“For a lot of other groups,” says Thumma, “it just doesn’t resonate with their culture. Their way of worshipping rules out the possibility.” Non-Western cultures are not (yet) as media-obsessed, he says. Plus, evangelicals have a history of investing in new inventions — a pipe organ, a slot on local cable — that will attract followers. Their focus has long been on presentation, on watching the pastor perform and even creating a cult of personality around him. It’s something they share with Baptist churches, which also have adopted new media with gusto.

But it isn’t just historical precedent behind the churches’ faith in multimedia. And it isn’t just evangelical churches that are ready to take the leap. The problem that Sweet calls “the mass exodus from traditional religion in Western culture,” is a huge motivation. To illustrate the seriousness of the phenomenon, Sweet points out that on Sundays in London, more people are visiting the local IKEA than all of the churches combined. Attendance patterns aren’t much better in the United States.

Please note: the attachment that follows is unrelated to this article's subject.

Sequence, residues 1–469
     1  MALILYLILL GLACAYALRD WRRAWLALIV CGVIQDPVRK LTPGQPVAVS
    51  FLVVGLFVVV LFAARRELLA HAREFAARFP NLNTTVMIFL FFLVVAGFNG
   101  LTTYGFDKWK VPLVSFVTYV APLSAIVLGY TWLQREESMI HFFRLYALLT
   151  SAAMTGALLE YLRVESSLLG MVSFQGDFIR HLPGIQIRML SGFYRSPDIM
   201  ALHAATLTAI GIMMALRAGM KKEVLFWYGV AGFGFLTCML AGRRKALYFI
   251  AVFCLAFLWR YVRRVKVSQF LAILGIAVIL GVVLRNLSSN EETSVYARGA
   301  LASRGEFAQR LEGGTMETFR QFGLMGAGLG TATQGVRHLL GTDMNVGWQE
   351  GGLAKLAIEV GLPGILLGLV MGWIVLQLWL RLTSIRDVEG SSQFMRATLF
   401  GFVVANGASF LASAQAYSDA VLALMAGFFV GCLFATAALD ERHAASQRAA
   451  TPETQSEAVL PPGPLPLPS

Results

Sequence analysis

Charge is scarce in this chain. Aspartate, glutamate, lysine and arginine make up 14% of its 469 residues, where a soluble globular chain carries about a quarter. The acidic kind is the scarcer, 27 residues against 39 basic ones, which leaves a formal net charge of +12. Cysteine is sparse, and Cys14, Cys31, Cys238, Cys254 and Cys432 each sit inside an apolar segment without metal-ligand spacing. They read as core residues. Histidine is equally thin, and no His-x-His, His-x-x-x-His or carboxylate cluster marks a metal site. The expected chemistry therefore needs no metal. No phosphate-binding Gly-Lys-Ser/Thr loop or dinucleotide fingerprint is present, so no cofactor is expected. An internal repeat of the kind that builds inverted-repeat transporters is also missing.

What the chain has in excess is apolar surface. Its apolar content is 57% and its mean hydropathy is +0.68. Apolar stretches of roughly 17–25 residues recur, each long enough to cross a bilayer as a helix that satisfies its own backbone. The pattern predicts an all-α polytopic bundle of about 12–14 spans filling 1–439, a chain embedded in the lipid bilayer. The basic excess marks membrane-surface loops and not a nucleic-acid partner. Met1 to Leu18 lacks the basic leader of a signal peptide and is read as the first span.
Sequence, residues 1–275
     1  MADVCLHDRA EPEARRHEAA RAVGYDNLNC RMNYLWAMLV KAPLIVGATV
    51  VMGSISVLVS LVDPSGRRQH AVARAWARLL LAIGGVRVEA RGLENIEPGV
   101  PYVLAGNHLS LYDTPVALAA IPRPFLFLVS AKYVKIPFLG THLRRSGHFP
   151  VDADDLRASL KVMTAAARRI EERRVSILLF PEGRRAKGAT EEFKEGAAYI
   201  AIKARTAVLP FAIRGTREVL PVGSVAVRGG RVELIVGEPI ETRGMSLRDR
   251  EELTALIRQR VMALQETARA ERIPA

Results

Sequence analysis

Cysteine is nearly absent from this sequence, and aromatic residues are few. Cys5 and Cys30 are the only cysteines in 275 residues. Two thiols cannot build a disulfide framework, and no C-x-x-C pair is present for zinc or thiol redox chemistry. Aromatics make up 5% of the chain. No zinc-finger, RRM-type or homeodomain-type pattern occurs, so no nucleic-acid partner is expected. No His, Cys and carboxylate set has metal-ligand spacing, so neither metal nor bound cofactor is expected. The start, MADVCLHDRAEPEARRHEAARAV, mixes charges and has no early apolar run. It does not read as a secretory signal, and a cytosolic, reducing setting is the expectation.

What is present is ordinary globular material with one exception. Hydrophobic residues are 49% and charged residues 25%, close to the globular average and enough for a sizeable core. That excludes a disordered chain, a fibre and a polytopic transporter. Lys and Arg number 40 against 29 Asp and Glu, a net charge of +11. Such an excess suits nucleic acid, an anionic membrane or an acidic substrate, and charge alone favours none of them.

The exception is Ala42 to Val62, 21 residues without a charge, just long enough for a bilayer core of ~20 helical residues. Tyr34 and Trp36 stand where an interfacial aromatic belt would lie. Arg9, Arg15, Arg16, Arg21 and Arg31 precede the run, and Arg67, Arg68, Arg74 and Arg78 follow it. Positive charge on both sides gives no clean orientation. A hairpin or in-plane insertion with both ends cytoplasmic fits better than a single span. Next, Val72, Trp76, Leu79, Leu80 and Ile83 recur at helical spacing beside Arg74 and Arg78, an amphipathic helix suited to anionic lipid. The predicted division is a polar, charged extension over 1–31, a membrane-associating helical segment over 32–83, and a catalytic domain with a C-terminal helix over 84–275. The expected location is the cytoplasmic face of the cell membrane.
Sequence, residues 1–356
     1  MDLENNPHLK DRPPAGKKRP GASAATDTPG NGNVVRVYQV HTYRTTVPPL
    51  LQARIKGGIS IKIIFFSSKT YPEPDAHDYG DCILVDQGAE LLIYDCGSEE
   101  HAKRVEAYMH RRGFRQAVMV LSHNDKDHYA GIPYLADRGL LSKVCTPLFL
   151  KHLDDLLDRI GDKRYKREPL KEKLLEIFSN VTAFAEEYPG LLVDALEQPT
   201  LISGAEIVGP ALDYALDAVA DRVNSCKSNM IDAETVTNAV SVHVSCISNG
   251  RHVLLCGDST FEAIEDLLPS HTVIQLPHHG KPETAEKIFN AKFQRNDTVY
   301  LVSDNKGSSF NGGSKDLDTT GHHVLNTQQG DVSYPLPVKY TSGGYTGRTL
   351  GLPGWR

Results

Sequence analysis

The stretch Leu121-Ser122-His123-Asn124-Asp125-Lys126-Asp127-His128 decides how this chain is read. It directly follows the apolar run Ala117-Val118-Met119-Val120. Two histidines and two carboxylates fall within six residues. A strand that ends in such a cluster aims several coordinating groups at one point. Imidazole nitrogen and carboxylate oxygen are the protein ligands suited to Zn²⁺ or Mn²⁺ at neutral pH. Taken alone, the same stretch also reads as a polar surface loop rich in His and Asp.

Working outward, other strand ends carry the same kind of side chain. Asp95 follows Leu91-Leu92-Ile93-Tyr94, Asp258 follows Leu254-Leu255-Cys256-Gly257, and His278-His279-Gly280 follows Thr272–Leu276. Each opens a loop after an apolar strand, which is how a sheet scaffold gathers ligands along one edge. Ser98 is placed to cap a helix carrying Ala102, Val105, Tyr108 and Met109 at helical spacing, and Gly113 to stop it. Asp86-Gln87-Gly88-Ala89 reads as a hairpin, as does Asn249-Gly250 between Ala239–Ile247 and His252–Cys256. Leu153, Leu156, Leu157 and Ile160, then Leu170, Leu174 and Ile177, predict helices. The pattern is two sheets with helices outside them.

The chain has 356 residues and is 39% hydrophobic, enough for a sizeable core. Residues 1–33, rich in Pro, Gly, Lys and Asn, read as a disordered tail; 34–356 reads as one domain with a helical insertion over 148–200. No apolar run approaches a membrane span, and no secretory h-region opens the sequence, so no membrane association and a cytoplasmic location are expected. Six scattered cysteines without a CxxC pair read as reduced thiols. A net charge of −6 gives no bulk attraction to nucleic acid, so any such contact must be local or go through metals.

Kimon Sargeant, a Ph.D. in the sociology of religion, explains the trend this way: With the movement in Western society toward a culture of choice and individuality, churches are no longer guaranteed the next generation’s attendance. Something had to change — church had to become as attractive as secular forms of entertainment, as gripping as the Super Bowl, MTV or “The X-Files,” or perish.

Which is where Michael Slaughter comes in. “When’s the last time you wanted to spend all day at church?” he asks. It is a rhetorical invitation to appreciate his approach: There is no room in the variety show at Ginghamsburg Church for the audience to become bored.